Young talent shines at Cultural Park Theater
Can you put on a full-scale theater production of a Broadway hit in less than three weeks? Maybe your seven-year-old can. Cultural Park Theater in Cape Coral hosts three sessions of summer camp each year where children put together major productions in a fraction of the time it takes adults to do the same. “I tell you, children are like sponges,” says Michael Moran, executive director of the theater. “I cannot get over how fast children learn things. Even with our juniors, they learn a full show with dancing routines, songs, dialogue and all of the costume and scenic changes that go on in a play. I definitely don’t see adult shows come in where you can do a show in three weeks.” Moran would know. He has served in his position for 13 years at Cultural Park Theater, where an accomplished team produces 24 shows each year. Three of those happen during summer camps for children ages 7 through 15. Classes of 40 to 45 students pull off the full-scale shows over three 3-week sessions, running five days a week from 9 a.m. to 4 p.m. The result? Kids, many of whom never stepped foot on a stage before and who come in shy and full of stage fright on day one, end up performing confidently in front of an audience come day 15. Each camp session runs $285 for the three-week program, and students are free to enroll in all three camps if they choose. Last summer, the theater performed productions of Hairspray, Thoroughly Modern Millie and Disney’s Aladdin. All of those productions happened to be junior shows, versions of the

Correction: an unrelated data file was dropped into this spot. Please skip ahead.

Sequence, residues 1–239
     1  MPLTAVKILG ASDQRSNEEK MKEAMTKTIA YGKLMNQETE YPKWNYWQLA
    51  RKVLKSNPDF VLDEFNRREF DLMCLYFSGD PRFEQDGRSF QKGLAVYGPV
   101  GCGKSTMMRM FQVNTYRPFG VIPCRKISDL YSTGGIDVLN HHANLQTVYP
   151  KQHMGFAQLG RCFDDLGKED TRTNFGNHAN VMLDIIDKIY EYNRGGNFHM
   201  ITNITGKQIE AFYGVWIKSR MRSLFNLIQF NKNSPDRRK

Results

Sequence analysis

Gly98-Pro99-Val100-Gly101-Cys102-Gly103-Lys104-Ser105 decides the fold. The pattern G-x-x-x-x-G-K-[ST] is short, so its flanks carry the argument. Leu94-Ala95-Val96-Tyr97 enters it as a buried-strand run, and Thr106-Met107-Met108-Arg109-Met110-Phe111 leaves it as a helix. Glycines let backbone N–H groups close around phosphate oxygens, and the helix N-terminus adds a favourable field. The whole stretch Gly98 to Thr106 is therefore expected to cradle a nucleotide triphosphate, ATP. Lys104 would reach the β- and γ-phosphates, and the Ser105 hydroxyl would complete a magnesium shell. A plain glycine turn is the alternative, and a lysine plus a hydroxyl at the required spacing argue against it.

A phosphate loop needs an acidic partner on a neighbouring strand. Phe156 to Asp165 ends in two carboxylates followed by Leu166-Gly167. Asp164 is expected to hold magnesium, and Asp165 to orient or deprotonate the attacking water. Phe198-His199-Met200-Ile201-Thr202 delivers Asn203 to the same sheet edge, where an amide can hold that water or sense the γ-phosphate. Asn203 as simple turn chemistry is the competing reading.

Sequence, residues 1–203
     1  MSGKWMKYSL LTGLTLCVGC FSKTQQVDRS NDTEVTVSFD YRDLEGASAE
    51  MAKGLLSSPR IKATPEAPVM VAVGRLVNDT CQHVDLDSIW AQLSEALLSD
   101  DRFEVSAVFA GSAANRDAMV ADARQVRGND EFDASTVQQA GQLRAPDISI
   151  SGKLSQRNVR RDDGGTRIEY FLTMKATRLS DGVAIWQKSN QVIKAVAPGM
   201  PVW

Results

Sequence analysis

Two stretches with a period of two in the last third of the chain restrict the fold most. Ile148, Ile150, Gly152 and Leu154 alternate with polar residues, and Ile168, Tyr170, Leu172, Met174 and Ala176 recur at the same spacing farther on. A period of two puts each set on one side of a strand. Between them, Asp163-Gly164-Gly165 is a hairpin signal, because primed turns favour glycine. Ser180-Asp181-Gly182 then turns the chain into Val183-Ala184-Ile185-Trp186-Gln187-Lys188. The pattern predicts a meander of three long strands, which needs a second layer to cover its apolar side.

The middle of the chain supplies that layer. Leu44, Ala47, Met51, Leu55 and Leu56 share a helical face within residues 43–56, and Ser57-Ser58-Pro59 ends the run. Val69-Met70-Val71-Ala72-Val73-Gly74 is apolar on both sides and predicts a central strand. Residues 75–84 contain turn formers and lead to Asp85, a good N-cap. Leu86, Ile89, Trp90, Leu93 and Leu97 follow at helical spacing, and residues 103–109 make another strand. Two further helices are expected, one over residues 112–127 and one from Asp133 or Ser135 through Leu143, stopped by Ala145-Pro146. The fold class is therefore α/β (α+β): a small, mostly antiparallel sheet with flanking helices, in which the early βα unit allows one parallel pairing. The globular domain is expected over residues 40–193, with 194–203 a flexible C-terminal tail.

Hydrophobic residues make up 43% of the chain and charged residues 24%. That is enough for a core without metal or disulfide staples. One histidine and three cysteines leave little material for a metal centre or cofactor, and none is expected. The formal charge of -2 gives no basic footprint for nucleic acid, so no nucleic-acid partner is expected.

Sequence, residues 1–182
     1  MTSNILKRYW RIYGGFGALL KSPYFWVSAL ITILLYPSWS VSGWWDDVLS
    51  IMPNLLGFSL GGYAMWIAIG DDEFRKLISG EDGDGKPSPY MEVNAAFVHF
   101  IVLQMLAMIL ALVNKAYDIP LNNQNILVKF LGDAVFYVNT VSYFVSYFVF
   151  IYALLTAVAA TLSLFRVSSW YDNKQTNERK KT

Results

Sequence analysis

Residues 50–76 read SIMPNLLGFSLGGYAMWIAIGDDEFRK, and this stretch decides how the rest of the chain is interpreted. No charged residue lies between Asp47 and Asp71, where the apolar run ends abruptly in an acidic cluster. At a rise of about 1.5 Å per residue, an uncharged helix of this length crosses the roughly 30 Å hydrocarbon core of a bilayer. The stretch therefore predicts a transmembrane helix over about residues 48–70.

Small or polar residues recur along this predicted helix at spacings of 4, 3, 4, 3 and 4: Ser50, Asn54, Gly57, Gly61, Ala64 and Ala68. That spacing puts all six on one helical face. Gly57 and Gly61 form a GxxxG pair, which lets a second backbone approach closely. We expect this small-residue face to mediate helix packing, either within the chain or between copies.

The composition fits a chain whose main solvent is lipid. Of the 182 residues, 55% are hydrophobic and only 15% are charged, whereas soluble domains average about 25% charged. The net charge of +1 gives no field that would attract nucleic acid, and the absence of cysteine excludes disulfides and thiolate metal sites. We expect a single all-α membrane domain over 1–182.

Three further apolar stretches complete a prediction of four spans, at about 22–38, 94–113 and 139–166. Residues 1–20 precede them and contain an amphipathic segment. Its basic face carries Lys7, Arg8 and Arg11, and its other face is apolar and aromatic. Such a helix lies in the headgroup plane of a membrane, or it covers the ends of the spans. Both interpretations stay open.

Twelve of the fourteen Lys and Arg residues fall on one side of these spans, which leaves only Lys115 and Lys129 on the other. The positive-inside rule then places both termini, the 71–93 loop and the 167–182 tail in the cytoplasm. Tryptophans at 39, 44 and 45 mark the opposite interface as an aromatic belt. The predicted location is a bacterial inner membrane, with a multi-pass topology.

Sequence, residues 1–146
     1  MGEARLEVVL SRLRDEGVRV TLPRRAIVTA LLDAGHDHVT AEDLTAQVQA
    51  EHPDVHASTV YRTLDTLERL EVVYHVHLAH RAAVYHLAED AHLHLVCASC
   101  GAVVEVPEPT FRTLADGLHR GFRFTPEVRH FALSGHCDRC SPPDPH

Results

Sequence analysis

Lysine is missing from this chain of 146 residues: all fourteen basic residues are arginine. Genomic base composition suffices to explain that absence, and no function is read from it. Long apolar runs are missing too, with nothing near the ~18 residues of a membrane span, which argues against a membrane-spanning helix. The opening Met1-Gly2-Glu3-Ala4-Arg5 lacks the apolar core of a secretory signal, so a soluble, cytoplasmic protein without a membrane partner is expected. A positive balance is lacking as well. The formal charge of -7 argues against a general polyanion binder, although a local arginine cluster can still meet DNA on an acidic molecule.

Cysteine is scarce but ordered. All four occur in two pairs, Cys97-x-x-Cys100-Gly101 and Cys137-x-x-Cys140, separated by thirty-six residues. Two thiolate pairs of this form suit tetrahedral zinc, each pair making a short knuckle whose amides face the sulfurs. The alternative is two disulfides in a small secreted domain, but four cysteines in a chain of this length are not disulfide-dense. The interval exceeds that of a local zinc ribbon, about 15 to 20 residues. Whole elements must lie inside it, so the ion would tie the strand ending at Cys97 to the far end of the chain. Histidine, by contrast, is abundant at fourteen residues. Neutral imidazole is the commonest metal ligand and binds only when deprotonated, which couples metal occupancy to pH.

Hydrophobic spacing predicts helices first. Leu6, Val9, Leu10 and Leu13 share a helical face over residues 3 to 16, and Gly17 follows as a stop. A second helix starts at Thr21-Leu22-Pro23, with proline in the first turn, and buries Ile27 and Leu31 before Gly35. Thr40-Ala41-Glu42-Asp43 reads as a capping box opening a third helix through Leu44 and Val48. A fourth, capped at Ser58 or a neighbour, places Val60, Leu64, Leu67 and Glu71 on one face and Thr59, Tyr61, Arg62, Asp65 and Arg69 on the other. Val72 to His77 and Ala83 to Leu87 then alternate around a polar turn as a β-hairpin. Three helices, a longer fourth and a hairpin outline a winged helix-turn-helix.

Kids, many of whom never stepped foot on a stage before and who come in shy and full of stage fright on day one, end up performing confidently in front of an audience come day 15.
plays abridged for younger performers, but the company also sometimes puts full-length musicals into the hands of its youngsters. It’s usually a matter of royalty negotiations more than concern about the young talents’ capabilities, Moran says. Typically, major roles are decided in the first week of camp. From there, the groups work with about a halfdozen camp counselors to learn lines, master choreography and figure out how to run sets and lighting. Often, Moran says, students who complete the summer program come to audition for major productions in the fall. The theater makes an effort to present one production at that time of year that offers roles for young actors (i.e., orphans in Oliver! or band members in The Music Man). The local theater company has existed in Cape Coral for 55 years, with a permanent home at the Cultural Park Theater since 1991, and in that time many of the aspiring youngsters have grown up to become regular participants in the community theater. Even if participants never pursue drama on a major scale, there’s value in attending the camps. “The most important aspect is they are having fun,” Moran says, “but they also learn in their time here to do things as a team. They have to be patient and wait their turn while someone else is blocking a scene. They learn to memorize lines, and they leave knowing what delayed gratification is—it’s hard work but when that audience is there applauding them in the end, they are all thrilled.”
The children put together major productions in a fraction of the time it takes adults to do the same.